Ron's Instrument

Listening To The Air

In his solo performance Ron exploited the particularly directional character of ultrasound to create an open air synthesizer where small household objects focus, scatter, and interconnect different streams of sound. The piece is organised as a series of episodes of varied duration. Each is based on a distinct feedback network with its own equalization, distortion and dynamics processing. Spatialization, tuning, and articulation of the feedback netwrork is done entirely through the manipulation of small objects and the performer's physical presence. As the title suggests, some episodes focus on air currents themselves as a source of modulation while others focus more directly on the motions of the performer or the interaction of multiple streams of sound. 

Hardware

The instrument comprises a set of five ultra-sound transducers, sourced from a general electronics supply. They are mounted on third-hand tools, thus allowing their precise positioning and the fine tuning of the feedback loop. They are disposed in a star configuration, all facing towards the performer, except for the one in the center that points towards the opposite direction. Looking at the picture, transducers 1 and 2 act as loudspeakers, 3, 4 and 5 as microphones. The actual feedback loop is composed only of the elements 1, 2 and 3. 4 and 5 play the role of listeners, capturing the signal which is then transposed and diffused over the CUBE loudspeakers. This was Ron's last configuration. At first he was working with a further feedback microphone, but he later decided to leave it aside, since he realised it was easier to conceive the feedaback relations adopting a triangle of two loudspeakers and one mic.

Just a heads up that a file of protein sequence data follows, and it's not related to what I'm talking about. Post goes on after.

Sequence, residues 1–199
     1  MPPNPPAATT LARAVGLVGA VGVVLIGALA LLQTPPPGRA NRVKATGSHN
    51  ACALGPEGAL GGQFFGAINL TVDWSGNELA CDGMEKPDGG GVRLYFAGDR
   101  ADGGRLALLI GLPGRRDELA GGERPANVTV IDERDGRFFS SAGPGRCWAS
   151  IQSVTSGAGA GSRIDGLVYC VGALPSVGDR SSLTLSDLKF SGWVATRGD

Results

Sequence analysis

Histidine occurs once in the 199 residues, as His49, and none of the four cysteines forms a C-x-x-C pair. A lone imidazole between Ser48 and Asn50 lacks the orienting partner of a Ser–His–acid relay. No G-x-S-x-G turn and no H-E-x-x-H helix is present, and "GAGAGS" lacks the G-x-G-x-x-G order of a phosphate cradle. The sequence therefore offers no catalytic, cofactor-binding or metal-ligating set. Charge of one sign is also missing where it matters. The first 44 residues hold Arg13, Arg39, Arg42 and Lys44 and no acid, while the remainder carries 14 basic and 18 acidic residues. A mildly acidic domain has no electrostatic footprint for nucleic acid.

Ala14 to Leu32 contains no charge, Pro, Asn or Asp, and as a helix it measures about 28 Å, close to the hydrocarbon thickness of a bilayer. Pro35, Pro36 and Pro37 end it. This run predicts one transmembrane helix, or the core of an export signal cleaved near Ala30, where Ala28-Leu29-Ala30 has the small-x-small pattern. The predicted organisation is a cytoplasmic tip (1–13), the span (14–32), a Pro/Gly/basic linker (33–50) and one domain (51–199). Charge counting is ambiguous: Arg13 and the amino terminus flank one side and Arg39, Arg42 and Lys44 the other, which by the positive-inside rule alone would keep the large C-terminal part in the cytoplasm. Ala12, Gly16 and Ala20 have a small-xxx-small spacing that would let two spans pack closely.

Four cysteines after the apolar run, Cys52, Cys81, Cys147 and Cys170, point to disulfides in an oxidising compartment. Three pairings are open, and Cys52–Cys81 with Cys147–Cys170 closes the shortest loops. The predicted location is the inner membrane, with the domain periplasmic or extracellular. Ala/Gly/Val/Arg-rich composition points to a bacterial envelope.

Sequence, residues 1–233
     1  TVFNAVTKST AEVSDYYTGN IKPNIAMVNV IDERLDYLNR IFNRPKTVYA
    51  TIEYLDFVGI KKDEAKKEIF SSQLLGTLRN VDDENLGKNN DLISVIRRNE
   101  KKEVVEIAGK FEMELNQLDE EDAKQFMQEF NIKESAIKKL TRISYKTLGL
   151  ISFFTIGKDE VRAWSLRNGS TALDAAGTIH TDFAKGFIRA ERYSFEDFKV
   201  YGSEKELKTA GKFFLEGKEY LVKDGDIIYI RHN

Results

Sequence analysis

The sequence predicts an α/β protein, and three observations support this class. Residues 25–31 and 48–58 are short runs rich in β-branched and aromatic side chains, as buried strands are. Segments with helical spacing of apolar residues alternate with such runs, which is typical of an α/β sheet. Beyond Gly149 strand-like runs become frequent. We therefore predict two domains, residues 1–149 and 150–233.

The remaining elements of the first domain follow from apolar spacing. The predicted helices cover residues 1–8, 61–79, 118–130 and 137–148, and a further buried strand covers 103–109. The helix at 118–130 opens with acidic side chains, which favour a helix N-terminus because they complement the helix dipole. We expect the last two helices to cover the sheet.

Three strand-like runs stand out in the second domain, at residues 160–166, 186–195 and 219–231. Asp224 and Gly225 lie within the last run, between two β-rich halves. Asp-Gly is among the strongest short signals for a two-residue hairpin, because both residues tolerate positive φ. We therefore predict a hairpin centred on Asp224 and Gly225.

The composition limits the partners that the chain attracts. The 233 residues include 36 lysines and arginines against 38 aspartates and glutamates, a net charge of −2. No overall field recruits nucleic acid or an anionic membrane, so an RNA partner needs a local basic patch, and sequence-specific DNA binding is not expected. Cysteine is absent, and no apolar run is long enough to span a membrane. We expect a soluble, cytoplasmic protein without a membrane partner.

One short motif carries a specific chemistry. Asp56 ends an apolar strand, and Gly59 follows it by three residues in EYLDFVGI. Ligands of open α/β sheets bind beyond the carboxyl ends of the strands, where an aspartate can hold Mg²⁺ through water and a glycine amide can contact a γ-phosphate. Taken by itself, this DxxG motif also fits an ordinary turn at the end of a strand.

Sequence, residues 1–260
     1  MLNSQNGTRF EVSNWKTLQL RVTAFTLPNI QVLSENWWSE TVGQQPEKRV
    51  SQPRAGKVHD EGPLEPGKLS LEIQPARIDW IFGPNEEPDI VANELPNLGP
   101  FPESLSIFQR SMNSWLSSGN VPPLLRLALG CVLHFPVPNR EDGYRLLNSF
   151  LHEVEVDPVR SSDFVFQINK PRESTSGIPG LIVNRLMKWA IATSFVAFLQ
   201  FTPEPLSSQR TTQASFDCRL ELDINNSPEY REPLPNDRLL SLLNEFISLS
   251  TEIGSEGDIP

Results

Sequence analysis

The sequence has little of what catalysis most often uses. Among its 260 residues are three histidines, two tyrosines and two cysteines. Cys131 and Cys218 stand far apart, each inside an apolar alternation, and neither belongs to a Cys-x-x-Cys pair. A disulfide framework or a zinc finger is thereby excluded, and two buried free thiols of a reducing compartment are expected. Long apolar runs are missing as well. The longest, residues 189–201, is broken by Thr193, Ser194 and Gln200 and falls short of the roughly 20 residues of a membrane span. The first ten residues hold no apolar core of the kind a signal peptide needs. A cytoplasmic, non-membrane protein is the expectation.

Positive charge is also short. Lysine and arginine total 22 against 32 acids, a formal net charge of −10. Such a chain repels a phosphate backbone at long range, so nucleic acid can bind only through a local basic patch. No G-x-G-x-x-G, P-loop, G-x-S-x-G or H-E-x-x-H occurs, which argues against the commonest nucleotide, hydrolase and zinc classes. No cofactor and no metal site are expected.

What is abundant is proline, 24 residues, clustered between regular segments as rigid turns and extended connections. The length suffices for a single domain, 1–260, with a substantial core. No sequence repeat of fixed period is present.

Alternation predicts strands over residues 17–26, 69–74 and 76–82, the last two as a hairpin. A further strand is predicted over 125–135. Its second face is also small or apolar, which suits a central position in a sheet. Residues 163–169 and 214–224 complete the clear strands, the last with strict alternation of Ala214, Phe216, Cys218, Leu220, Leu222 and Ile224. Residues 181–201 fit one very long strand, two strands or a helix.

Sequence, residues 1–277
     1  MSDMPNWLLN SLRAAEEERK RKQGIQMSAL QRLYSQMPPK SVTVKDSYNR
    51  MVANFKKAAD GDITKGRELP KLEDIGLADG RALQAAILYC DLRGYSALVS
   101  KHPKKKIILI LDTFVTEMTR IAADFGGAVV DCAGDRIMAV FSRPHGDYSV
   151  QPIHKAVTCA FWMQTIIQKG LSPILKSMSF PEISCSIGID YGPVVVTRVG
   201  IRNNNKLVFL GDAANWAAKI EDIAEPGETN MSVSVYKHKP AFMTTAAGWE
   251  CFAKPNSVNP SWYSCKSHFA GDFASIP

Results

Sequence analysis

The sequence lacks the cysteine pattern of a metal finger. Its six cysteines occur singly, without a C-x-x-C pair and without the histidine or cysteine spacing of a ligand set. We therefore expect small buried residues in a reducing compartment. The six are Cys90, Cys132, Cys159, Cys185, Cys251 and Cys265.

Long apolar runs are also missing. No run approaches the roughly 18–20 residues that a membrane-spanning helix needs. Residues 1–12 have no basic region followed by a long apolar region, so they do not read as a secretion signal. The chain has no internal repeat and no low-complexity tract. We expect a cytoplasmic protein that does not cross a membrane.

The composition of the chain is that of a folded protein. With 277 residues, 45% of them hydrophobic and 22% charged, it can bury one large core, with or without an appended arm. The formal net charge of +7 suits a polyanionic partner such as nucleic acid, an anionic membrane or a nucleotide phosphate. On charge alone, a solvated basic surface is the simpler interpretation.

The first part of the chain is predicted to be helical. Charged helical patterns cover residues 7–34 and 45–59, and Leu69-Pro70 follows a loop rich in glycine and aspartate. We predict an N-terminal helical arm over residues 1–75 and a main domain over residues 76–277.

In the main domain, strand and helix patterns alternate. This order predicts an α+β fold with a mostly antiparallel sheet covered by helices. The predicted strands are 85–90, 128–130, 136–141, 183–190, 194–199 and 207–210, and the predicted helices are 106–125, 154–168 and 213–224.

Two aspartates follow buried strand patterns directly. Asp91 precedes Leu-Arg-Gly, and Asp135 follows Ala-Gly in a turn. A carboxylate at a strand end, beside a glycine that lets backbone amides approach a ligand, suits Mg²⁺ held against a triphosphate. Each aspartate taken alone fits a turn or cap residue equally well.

Objects

Ron used a number of different objects to physically alter the feedback loop configuration. Exploiting the impressive directionality of ultra-sound, he could test the reflective and diffractive properties of different paraphernalia such as sponges, candles, clothes pegs, paper boxes etc. He discovered that even the small movements of a candle could cause enough fluctuations in the air as to produce an audible effect on the feedback loop. 

The question arose of the potential effectiveness of a set of 3D-printed diffractors and reflectors. Ron will probably try to design and print some prototypes in the near future.

Software

Ron used SuperCollider from the sketch stage up to the final composition. Over the months he drafted many different synths, using NodeProxy definitions as the basic building blcoks of his performance. NodeProxies are flexible placeholders for synth nodes playing in the SuperCollider server. NodeProxy objects can be replaced and recombiend while they play, providing a dynamic workflow for sketching, live coding and performance. The piece is organised as a series of episodes of varied duration and each section features a distinct recombination of NodeProxy definitions. Every transducer is indeed coupled to a specific instance of NodeProxy that is altered or replaced at the beginning of each new episode. The scheme and code on the right depict the basic structure of the ugen graph used for the transducers 4 and 5. The variables named 'ex1' and 'excess' are crucial elements of the feedback loop. ex1 determines the exponential scaling of the signal. Ron decided to perform the amplification entirely via software, using an exponential scaling for sensitivity reasons. Excess provides articulation over time, by gating or distorting the signal.

~mics = NodeProxy.audio(s, 2).play;

 

~nlUMics = {| fRef = 40000|
    var audio,usound, trig, cutoff;
    usound = SoundIn.ar([0,1]) * 10;
    usound = LeakDC.ar(usound).excess(\excess.kr(0.1));
    usound = Ringz.ar(usound, fRef, 0.01);
    audio = usound** \ex1.kr(0.45, 1);
    audio = audio * SinOsc.ar(40000);
    audio = audio * \nl_amp.kr(0.12, 0.1);
    audio = RLPF.ar(audio, 20000, 0.1);
    audio = HPF.ar(audio, 20000);
    audio = Limiter.ar(audio, 0.4);
};

 

~uMics = {| fRef = 40000, amp = 0.1, gain = 0.12|
    var audio,usound, delaudio;
    usound = SoundIn.ar([0,1]) * 10;   
    usound = Ringz.ar(usound, fRef, 0.01);
    audio = (usound) * SinOsc.ar(fRef);
    audio = RLPF.ar( audio, 10000);
    audio = RHPF.ar(audio, 30, 1, amp);
    delaudio = CombL.ar(audio, 0.01, 0.01, 0);
    audio = Compander.ar(delaudio, audio, 0.25, 1, 0.0, 0.01, 0.5) * gain;
};

 

~section1 = {
    ~mics[0] = ~uMics;
    ~mics[1] = ~nlUMics;
    ~mics.set(*[ 'fRef', 40000.0, 'amp', 0.1, 'gain', 0.1, 'excess', 0.1, 'ex1', 0.0, 'nl_amp', 0.0 ]);
};